NEWS14 October 2016

Brand loyalists may significantly skew research

Asia Pacific News

AUSTRALIA — Analysis from the Ehrenberg-Bass institute suggests that mixing users and non-users of a product or service in research could significantly compromise the validity of studies.

Mind crop

The research found that, regardless of whether a brand is present or absent in an advertising awareness question, brand users systematically remember advertising for that brand more than non-brand users. 

According to the report, research across six different advertising awareness measures ‘shows the user bias in memory for advertising is not a measurement artifact. It is, in fact, a real phenomenon, occurring under a wide range of conditions'.

The authors believe that the findings have implications for creative design, branding and pre-testing – in particular with advertising that aims to attract non-users – as well as measuring global and cross-platform advertising.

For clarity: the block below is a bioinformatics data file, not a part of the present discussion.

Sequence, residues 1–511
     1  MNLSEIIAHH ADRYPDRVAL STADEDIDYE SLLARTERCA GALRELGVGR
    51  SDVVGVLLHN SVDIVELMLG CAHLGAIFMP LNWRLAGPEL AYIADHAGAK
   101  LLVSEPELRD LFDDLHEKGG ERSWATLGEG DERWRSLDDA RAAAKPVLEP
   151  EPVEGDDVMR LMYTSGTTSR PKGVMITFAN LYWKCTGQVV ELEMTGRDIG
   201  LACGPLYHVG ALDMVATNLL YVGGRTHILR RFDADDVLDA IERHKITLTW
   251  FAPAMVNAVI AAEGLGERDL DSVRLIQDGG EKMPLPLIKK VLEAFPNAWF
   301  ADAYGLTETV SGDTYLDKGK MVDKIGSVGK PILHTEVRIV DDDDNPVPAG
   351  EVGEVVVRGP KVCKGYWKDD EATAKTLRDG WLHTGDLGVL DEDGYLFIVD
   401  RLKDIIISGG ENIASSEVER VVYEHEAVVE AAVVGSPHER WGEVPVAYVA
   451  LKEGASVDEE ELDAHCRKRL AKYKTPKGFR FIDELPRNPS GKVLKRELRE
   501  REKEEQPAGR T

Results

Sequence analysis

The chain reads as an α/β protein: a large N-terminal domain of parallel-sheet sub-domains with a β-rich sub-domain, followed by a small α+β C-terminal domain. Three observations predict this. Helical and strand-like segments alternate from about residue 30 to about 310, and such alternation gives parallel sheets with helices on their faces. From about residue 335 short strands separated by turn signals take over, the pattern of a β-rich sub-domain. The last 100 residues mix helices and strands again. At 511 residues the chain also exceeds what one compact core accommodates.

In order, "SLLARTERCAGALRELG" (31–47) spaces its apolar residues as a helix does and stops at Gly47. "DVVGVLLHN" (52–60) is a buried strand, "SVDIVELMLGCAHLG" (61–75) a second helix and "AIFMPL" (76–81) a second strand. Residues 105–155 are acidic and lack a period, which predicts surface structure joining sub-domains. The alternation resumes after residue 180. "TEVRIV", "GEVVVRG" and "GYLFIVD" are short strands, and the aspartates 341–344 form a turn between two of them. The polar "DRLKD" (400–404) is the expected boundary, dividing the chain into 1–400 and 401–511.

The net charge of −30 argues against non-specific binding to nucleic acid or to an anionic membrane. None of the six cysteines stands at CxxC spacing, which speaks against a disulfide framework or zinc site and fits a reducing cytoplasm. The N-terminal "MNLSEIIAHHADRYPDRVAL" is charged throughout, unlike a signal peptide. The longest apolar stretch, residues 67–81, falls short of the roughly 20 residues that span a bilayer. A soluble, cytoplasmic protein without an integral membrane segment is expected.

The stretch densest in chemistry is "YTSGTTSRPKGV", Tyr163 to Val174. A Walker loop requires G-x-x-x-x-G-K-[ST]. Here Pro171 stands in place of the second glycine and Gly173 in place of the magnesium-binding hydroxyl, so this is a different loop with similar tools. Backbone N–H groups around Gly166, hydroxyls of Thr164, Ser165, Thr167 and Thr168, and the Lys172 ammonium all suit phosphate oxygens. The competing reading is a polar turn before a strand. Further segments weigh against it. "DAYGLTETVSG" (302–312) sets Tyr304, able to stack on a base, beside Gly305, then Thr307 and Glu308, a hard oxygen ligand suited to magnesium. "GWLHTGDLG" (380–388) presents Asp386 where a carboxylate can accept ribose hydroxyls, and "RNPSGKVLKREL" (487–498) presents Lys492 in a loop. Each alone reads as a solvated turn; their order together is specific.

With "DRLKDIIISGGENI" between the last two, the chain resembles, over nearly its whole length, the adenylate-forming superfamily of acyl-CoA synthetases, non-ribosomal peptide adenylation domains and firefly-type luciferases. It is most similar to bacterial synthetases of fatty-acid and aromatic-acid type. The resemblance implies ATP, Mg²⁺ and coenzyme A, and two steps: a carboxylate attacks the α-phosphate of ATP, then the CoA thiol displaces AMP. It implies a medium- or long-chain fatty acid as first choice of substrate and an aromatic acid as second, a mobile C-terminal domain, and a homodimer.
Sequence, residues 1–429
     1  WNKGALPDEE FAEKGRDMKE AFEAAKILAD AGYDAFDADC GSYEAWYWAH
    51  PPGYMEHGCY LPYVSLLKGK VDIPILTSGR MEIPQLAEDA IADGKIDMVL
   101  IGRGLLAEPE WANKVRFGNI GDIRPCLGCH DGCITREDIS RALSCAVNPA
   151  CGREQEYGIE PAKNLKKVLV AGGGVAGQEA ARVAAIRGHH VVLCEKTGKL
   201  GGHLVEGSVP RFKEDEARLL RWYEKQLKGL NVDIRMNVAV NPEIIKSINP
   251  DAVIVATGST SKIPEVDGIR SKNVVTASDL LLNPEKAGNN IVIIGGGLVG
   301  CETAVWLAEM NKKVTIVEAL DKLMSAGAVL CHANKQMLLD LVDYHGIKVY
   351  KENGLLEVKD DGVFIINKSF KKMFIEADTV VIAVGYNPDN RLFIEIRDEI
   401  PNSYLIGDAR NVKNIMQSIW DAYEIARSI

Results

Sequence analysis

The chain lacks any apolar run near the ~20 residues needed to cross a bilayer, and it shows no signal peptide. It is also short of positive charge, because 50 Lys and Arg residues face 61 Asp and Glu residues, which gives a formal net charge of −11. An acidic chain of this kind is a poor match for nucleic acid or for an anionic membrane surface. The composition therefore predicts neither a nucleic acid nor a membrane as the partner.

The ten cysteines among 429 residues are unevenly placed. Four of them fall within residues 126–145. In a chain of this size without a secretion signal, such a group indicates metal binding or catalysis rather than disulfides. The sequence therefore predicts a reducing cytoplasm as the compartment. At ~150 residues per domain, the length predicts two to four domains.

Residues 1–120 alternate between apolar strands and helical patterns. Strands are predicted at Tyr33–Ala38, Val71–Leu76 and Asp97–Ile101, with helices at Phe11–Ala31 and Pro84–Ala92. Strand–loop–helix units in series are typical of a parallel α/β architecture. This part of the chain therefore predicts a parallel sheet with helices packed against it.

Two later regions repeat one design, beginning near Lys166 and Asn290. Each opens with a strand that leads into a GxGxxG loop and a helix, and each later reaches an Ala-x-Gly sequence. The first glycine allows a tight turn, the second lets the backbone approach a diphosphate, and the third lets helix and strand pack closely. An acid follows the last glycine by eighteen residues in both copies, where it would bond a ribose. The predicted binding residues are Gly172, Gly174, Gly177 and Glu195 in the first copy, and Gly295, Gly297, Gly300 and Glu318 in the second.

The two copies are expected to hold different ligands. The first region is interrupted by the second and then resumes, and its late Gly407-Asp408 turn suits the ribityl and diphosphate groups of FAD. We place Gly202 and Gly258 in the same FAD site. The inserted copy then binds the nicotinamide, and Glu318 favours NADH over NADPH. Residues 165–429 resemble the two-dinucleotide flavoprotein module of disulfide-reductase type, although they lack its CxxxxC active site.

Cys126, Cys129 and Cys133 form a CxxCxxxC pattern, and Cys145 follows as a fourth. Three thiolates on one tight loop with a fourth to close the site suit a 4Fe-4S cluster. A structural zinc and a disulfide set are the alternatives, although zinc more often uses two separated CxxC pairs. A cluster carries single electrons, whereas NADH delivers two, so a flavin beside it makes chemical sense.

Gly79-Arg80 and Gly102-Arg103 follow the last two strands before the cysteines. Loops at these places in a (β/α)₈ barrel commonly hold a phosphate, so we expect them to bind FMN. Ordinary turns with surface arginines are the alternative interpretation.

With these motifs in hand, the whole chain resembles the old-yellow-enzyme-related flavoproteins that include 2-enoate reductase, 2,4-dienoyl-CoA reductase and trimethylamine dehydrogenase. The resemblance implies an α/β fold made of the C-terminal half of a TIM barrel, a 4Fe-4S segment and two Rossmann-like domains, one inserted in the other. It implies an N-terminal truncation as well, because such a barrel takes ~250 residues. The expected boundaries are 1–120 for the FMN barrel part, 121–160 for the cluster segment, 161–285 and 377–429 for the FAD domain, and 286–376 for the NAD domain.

For example, aggregate-level metrics may inaccurately imply a campaign is less successful in countries where market shares are lower, since user bases are smaller. ‘This could lead marketers to make unnecessary modifications to campaigns to compensate for perceived lower advertising awareness', the report says.

The authors suggest comparing brand users and non-users separately. 

The study: Can brand users really remember advertising more than non-users? was published in the Journal of Advertising Research.